An individuals preferences over goods x=(x1,x2) can be represented by the following utility function: u(x)= ln(x1-b)+ ln(x2) The individual faces prices p=(p1,p2)>>0 and has income m>p1b>0 Why is it important that m>p1b? What is the interpretation of the coefficient b? Do the demand function

A consumer can live up to two periods, but is uncertain about surviving to period 2. How is his/her optimal consumption choice affected? What if he/she can survive to the next period with certainty, but might need to pay to get well? How much will he/she insure if insurance is actuarially fair? How does his/her insurance coverage relate to such concepts as equivalent variation and compensating variation? Please see the long description for exact statement of this problem.

Suppose that individuals potentially live for two periods. The utility function in each period is given by: u(ci)= c^(1/2) where ci is period i's consumption. Every individual receives income m, in the first period. This income can be used to finance consumption in that period, or it can be saved at zero interest to fin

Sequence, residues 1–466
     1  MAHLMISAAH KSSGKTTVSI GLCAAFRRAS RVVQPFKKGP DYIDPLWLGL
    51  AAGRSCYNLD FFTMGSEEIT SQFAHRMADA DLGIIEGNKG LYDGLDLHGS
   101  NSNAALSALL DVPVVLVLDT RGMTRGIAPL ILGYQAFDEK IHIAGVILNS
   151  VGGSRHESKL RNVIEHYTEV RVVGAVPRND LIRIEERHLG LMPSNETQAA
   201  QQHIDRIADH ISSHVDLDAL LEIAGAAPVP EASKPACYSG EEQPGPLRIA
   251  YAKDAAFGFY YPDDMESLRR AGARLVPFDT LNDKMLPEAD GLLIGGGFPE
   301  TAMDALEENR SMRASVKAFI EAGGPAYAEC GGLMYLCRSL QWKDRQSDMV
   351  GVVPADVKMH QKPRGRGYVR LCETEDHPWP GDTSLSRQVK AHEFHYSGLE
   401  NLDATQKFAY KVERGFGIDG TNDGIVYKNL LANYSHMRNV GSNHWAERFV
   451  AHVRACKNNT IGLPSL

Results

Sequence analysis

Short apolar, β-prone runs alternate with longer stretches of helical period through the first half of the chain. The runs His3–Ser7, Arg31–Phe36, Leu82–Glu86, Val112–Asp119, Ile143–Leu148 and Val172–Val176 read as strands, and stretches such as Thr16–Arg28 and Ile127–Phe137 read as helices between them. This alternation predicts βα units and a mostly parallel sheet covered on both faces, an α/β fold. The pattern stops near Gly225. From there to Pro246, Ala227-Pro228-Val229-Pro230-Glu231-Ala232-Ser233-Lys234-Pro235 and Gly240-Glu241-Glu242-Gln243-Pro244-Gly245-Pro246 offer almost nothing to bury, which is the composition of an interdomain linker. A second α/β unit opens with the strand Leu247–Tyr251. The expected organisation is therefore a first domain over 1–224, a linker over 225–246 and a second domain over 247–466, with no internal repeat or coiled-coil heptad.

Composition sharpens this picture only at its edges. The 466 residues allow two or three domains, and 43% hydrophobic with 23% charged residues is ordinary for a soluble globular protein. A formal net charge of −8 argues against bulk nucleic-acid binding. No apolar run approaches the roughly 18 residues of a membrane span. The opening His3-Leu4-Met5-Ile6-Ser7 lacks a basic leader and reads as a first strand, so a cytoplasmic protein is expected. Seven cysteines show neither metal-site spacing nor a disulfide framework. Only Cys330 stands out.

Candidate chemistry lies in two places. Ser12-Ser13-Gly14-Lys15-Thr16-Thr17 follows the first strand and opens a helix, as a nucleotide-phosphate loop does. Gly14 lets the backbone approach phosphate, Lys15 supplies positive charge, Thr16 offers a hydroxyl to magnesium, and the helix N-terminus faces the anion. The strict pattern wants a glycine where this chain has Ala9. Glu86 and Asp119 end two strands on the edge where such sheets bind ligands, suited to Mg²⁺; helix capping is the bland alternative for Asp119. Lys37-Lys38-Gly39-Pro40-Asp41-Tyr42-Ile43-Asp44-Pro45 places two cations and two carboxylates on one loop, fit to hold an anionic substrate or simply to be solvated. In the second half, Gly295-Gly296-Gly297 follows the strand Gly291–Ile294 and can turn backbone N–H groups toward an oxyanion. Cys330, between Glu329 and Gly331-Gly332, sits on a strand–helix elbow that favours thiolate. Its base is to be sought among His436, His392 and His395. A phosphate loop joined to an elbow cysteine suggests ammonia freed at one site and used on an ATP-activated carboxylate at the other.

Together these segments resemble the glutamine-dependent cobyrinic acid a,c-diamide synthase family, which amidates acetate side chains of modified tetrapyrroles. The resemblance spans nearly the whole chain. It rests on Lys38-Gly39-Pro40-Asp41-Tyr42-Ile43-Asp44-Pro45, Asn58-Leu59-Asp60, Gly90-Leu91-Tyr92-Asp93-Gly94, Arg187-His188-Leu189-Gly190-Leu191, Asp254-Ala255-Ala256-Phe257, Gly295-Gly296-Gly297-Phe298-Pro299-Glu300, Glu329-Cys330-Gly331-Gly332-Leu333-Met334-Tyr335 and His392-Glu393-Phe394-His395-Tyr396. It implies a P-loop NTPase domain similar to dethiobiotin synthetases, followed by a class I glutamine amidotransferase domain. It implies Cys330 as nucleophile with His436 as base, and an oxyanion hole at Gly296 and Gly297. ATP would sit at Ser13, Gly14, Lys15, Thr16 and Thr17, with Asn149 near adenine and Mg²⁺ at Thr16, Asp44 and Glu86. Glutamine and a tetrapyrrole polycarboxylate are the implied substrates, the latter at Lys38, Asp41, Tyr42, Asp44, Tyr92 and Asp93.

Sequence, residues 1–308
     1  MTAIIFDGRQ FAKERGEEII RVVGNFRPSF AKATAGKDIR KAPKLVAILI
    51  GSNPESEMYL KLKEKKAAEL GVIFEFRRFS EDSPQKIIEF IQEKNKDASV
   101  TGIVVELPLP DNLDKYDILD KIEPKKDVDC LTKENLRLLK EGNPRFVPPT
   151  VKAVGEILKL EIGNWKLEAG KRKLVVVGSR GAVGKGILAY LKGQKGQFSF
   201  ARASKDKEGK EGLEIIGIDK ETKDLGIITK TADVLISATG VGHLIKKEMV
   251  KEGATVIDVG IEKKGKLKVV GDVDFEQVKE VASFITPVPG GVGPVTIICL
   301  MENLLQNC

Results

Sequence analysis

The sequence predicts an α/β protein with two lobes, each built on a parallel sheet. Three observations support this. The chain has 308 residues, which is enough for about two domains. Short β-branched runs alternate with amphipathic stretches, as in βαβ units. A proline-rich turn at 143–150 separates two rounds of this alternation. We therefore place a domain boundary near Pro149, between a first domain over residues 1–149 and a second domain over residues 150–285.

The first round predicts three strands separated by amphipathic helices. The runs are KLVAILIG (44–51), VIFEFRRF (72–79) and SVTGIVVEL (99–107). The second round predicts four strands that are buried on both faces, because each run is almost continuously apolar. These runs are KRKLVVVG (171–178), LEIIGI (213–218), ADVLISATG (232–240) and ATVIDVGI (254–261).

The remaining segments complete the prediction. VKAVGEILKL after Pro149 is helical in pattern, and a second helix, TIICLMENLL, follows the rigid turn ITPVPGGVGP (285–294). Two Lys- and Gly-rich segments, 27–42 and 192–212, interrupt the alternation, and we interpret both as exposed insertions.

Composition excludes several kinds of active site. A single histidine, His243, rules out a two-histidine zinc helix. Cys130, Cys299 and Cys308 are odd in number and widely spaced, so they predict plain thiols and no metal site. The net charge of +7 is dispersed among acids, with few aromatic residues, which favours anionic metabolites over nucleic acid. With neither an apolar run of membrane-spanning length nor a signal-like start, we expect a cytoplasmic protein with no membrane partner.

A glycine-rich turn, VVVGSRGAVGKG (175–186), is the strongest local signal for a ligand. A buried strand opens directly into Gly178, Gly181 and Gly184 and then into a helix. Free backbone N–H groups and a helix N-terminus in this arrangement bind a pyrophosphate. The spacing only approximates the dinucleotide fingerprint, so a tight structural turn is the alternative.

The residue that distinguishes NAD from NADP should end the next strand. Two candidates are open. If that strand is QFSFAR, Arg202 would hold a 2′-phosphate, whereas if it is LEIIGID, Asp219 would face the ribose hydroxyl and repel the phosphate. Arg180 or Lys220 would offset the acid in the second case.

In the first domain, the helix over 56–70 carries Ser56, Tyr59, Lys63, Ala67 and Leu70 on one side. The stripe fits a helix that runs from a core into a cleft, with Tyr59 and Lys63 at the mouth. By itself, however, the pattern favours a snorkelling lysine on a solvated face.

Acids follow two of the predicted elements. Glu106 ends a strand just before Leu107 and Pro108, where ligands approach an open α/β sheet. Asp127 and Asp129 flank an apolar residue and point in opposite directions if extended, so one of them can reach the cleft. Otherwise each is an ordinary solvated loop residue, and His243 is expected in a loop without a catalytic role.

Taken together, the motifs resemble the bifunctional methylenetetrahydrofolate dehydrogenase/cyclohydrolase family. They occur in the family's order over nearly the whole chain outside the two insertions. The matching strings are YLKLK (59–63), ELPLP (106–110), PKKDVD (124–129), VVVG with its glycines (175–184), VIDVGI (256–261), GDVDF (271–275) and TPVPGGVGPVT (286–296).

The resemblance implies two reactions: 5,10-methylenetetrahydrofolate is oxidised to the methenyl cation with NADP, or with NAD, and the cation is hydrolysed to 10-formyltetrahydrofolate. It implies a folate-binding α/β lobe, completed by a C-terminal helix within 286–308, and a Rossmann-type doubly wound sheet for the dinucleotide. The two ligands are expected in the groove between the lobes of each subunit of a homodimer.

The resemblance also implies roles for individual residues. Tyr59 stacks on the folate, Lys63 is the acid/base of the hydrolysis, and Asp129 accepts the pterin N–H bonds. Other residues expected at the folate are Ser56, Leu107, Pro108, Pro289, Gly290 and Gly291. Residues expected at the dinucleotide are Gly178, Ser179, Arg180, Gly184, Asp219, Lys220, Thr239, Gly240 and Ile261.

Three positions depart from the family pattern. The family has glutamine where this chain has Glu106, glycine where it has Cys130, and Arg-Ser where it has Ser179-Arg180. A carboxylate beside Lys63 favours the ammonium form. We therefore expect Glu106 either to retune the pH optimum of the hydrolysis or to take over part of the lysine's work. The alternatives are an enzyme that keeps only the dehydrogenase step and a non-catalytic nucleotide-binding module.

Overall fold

Levels of Satistfaction Based on Price

5) Suppose an individual has the utility schedule: Q UTILITY IN DOLLARS 0 0 1 100 2 180 3 250 4 300 5 340 6 370 7 390 8 400 A)Suppose P=55. What is the individual's optimal level consumption? What is his level of net satisfaction from this good? B)Suppose p=15. What is the individual's optimal level

compute the marginal utility per dollar

Mary is consuming 3 hot dogs and 2 Cokes at the Bucs game. The marginal utility of the third hot dog is 60 utils and the marginal utility of the second Coke is 180 utils. The price of a hot dog is $1 and the price of a Coke is $4. From the information given, we can see that Mary consumed too many (hot dogs, Cokes) and too fe

Equilibrium price

1. A consumer is at equilibrium at one of the 4 points (A, B, C, or D) shown in Figure 1 (attached to this assignment). a. If we know that the consumer is maximizing his/her utility, and that the price of Skittles is not the same as the price of M&M's, at what point is the consumer operating? Explain your logic. b. If the pric

Solve accounting problems